First Line: I saw Wesley Crocker for the first time on a cold Thursday afternoon in October, three weeks before Election Day.
Posadas County Undersheriff Bill Gastner sees Wesley Crocker walking his flat-tired bike alongside the road and gives him a ride into town. No job, no car, no bath... Crocker is the first person all the townspeople suspect when the body of 15-year-old Maria Ibarra is found underneath the bleachers at the high school. Gastner feels the man is innocent, and thus begins a non-stop investigation for this old cop who eats too much Mexican food and gets too little sleep. The only thing standing between Bill Gastner and a murderer is the very real possibility of a heart attack.
I love this series, and it would be extremely easy for me to sit down and read each book one right after the other. But I don't. I make myself parcel them out one at a time-- almost like giving myself a gift every six months or so.
What makes this series so good? Just about everything. Fictional Posadas County, New Mexico, is right on the border with Mexico. Havill uses the landscape and the weather to paint in details of his setting, but he also uses situations that arise with our neighbor to the south. In the case of Privileged to Kill, it's the sad fate of Maria Ibarra, an illegal immigrant who's come from Mexico to get an education and a future only to die an ignoble death. It's details like this that make Havill's stories ring true.
Then there's always some sort of science/technical angle that's downright intriguing-- like the car wreck in this book. I know that not everyone is interested in such things, but not to worry. The author doesn't bog down the story with these facts. He uses them to add some spice to the investigation.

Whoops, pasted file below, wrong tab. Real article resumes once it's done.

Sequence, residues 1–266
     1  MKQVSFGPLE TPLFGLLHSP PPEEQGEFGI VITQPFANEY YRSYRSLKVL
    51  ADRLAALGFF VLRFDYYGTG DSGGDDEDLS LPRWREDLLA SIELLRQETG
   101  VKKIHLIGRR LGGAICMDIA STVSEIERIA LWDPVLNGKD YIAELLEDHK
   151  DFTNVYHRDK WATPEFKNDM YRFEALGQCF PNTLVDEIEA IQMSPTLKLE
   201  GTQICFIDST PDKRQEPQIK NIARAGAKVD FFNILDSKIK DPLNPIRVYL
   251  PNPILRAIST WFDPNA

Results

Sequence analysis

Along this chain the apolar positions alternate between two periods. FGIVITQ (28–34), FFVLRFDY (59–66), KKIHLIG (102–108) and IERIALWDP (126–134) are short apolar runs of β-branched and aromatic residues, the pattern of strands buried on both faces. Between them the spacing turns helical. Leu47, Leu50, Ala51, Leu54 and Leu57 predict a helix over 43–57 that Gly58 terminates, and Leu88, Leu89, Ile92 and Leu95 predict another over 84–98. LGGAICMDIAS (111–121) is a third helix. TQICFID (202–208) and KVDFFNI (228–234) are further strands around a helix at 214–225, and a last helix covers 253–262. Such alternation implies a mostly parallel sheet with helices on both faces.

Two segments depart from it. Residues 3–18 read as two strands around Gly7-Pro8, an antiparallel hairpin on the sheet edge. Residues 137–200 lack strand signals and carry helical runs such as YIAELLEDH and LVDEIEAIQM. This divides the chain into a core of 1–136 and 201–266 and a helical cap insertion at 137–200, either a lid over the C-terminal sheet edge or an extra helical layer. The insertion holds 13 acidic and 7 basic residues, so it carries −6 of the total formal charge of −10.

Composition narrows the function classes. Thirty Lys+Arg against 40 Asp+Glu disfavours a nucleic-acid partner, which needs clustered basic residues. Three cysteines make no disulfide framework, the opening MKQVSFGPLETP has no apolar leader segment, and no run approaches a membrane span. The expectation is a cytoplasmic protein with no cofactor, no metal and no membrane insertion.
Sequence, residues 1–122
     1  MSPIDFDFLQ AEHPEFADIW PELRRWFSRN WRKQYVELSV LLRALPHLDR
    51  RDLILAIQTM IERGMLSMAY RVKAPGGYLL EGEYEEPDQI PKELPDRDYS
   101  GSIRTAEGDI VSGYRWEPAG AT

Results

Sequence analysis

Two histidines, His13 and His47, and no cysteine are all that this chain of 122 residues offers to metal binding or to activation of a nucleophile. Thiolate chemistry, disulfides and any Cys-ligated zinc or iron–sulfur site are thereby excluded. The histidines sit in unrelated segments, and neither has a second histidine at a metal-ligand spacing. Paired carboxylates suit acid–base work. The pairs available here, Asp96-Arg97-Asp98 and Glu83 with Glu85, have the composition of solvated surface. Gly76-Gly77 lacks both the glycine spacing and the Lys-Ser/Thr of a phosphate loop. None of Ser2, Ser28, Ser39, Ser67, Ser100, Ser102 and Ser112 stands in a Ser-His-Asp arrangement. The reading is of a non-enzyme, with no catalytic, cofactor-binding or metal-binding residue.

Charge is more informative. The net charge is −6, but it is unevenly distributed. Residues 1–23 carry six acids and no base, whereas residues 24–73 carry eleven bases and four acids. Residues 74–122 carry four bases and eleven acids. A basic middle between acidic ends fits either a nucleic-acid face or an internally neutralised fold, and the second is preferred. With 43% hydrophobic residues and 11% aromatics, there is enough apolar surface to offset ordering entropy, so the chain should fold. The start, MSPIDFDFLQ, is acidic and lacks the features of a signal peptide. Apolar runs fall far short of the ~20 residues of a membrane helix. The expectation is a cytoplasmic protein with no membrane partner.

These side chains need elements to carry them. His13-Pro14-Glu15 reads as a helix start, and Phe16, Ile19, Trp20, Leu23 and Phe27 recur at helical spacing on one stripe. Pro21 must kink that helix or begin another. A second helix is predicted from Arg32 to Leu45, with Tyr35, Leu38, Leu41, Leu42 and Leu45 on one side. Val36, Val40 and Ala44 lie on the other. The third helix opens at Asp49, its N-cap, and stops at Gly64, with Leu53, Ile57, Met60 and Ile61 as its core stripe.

Hands down, the absolute best part of this book-- and the entire series-- is the cast of characters. Bill Gastner isn't in the best of health, but he's just the kind of tough old cuss who's going to die in harness. He doesn't know when to quit. He usually has his breakthrough flashes of inspiration when he's had the least sleep... and he's compassionate. Most people would drive right on by Wesley Crocker, but not Bill Gastner. He stops. He talks with Wesley for a minute or two, then he helps load the bike into the trunk of his patrol car and gives Wesley a ride into town as well as tips on places to eat and sleep. Bill's the type of man who's going to give everyone a fair break.
We also get to see Gastner mentor his boss. Sheriff Holman has a lot to learn, and he's smart enough to pay attention to his undersheriff. Most of the time. The same can't always be said for Pasquale, the new deputy. Gung-ho Pasquale wants to make a name for himself, and that just might wind up getting him killed. Gastner knows this, and I liked watching how he worked with the younger man.
Gastner's wife is dead, and his four sons live far away, but he is not without family. Adopted family. Deputy Estelle Reyes-Guzman and her doctor husband are valuable additions to the town of Posadas, and they care about Gastner as much as he cares for them. It's a pleasure watching Estelle and Gastner work together. Also, the lives of these three main characters grow and change with each book. Can you read this book as a standalone? Yes, you can, but if you love excellent characterizations, start at the beginning and savor each one.
I could ramble on forever. I love Havill's characters. I love the way he brings New Mexico to life. I also love how his stories are so simple on the surface (like the one here in Privileged to Kill) yet have real depth. Steven F. Havill's Posadas County mysteries truly deserve to be bestsellers instead of the hidden gems they tend to be. I highly, highly recommend them.
Privileged to Kill by Steven F. Havill
Poisoned Pen Press © 2001
Paperback, 266 pages
Police Procedural, #5 Posadas County mystery
Source: Purchased from The Poisoned Pen.